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Bio and Q&A Intro

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Arthur Schwartz in his Connecticut kitchen. © Photo Don Heiny

Guest Bio

Arthur Schwartz, also known as The Schwartz Who Ate New York, was one of the first male newspaper food editors in the country and is now a cookbook author, cooking teacher, and restaurant consultant. For nearly 13 years, he was host of Food Talk, a daily program heard on WOR radio. His web-site is appropriately called www.foodmaven.com.

Schwartz’s career started 35 years ago as assistant food editor and food feature writer at Long Island’s Newsday. Nine years later he created, as executive food editor, the New York Daily News “Good Living” section, and also became its restaurant critic.

All four of his cookbooks have been nominated for national awards: Cooking In A Small Kitchen (Little Brown, 1978), What To Cook When You Think There's Nothing In The House To Eat (HarperCollins, 1992), Soup Suppers (HarperCollins, 1994) and Naples At Table: Cooking In Campania, which, when it was published by HarperCollins in November 1998, immediately hit the Los Angeles Times Hot List. This November,

Arthur Schwartz’s New York City Food: An opinionated history with legendary recipes was published by Stewart, Tabori and Chang.

You might say Schwartz was born with a wooden spoon in his mouth. His paternal grandfather was first a professional chef, then a food manufacturer, then a curmudgeonly waiter in a Jewish dairy restaurant. His maternal grandmother's home cooking was the envy and despair of the neighbors. His father could spend an entire day shopping for just the right ingredients for one dinner. In short, he grew up in a food-obsessed Brooklyn family that went, and still goes, to any length for a good meal.

He is the author of numerous articles for a wide range of magazines, including Bon Appetit, Saveur, Food & Wine, Cuisine, Vintage, French Vogue, German Lui, Playbill, and Great Recipes. He has been the New York restaurant critic for Travel-Holiday magazine's annual Good Value Dining Awards, and a New York restaurant critic for Food & Wine magazine.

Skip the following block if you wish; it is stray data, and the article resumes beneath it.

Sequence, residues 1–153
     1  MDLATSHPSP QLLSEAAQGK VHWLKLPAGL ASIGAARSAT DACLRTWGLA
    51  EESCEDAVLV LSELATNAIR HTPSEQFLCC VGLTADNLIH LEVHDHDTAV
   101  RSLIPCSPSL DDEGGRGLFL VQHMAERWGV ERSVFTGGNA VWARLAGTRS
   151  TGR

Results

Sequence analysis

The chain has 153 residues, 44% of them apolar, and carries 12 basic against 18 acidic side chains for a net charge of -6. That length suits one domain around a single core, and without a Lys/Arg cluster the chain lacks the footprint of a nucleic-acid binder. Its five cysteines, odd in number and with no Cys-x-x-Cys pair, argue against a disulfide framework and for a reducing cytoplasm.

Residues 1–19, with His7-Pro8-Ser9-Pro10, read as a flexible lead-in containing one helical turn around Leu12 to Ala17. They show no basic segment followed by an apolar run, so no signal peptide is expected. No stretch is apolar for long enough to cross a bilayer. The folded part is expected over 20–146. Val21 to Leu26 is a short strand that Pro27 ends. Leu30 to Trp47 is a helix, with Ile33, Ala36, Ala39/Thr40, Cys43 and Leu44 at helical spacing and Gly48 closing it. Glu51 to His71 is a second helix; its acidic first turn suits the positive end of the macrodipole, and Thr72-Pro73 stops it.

During the summer of 1989, he was the food critic on Fox network's (WNYW-TV) local morning show, Good Day New York. He has also appeared many times on Good Morning America and Live With Kathie and Regis, and continues to make frequent TV appearances.

Schwartz teaches to sold-out classes at all the major cooking schools in the metro New York area -- The New School and ICE (Institute of Culinary Education) in Manhattan; The Silo and The Complete Kitchen in Connecticut; A la carte, Sur La Table and the Viking Center on Long Island, and across New Jersey at the four Kings Cookingstudios, Classic Thyme, La Cucina d’Ana and Cooktique. He also has his own cooking school on a water buffalo farm in Paestum, Italy, about a half hour south of the Amalfi Coast, and he conducts seasonal gastronomy and culture trips to southern Italy.

He has lectured and conducted seminars at, among other institutions of higher education, New York University, Columbia University, New York City Technical College, The French Culinary Institute, and the Culinary Institute of America.

He has been honored as Cooking Teacher of the Year by the New York Association of Cooking Teachers. He is a member of the International Association of Culinary Professionals (IACP) and received that organization’s Award of Excellence in Electronic Media. He is listed in Who's Who in America.

Q&A Intro

This week eGullet welcomes cookbook author, food writer and historian, Arthur Schwartz for an eGullet Q&A. In addition to discussing his books, New York, Italy, and everything else food maven-ish, Arthur had a traditon of turning his former radio show into a Thanksgiving helpline. So feel free to ask him about all of these topics.

We would also like to thank Mr. Schwartz's publishers for arranging a book giveaway at the conclusion of this Q&A. Five copies of New York City Food will be awarded. Click here for an excerpt from the book about "Why Jews Like Chinese Food."


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